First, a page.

Fernanda Colabuono (Universidade de São Paulo, Instituto Oceanográfico, Laboratório de Química Orgânica Marinha, São Paulo, Brazil) and colleagues write in the journal Antarctic Science on pollutants in eggs of five species of Antarctic seabirds, including the ACAP-listed Southern Giant Petrel Macronectes giganteus.
The paper’s abstract follows:
“Organochlorine contaminants (OCs) and polybrominated diphenyl ethers (PBDEs) were investigated in the eggs of five bird species from the South Shetland Islands. Additionally, OCs and PBDEs were also analysed in embryos of two species. The concentration ranges in eggs were (ng g-1 wet weight) 2.11 to 541 for polychlorinated biphenyls (PCBs), <0.25 to 0.88 for PBDEs, 2.45 to 405 for p,p’-DDE and 1.50 to 603 for mirex. The PCBs were predominant in the eggs of Macronectes giganteus, Catharacta antarctica and Larus dominicanus, whereas hexachlorobenzene (HCB) was the major compound found in the eggs of Pygoscelis antarcticus and Sterna vittata. The PBDE congeners were detected only in the eggs of C. antarctica (PBDE 47 and 153) and S. vittata (PBDE 47). There were differences in OC concentrations of up to two orders of magnitude between M. giganteus embryos which were related to the development stage and OC concentrations in the respective eggs. Trophic ecology and post-breeding dispersal exerted an influence on contaminant patterns. Comparisons with data from the literature indicate an increase in the concentrations of some OCs over recent years.”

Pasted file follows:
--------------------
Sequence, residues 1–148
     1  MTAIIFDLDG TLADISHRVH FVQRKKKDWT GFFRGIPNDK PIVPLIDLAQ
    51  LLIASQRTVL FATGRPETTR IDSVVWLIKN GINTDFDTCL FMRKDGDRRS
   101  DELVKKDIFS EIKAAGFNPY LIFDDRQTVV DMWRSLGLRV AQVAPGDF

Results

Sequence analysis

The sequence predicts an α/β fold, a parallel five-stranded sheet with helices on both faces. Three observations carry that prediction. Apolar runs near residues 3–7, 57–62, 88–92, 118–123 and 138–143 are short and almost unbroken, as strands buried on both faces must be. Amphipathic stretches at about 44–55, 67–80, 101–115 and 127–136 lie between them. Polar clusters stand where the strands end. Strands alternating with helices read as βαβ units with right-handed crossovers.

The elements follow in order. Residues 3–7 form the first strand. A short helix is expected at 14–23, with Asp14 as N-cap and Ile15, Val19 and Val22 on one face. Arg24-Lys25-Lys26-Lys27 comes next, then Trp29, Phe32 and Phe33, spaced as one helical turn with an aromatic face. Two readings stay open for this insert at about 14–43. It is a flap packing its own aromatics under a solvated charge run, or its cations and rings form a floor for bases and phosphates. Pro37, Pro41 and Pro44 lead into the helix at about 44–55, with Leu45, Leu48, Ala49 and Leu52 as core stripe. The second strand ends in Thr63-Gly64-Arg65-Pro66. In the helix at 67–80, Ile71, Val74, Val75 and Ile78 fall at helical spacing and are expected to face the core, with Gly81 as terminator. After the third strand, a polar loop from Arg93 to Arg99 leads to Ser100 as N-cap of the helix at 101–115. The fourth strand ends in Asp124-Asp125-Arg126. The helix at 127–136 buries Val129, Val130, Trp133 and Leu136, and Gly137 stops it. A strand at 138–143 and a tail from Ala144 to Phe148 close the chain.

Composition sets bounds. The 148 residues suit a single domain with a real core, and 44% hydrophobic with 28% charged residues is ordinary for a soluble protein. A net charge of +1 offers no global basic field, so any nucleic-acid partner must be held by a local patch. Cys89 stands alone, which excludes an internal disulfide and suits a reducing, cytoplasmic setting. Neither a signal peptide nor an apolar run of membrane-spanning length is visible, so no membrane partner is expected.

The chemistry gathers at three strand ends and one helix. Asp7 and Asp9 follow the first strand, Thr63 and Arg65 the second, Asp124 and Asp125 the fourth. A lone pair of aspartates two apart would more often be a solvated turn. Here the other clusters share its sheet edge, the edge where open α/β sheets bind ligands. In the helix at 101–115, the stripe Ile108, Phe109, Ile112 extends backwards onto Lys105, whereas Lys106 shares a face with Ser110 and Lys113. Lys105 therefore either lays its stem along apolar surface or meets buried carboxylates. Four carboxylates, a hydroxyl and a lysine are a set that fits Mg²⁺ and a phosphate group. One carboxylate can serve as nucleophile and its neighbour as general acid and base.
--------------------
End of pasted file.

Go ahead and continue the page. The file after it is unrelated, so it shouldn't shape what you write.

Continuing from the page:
A white-phase Southern Giant Petrel in Antarctica, photograph by Michael Dunn
Colabuono, F.I., Taniguchi, S., Petry, M.V. & Montone, R.C. 2015. Organochlorine contaminants and polybrominated diphenyl ethers in eggs and embryos of Antarctic birds. Antarctic Science doi.org/10.1017/S0954102014000807.
John Cooper, ACAP Information Officer, 13 January 2015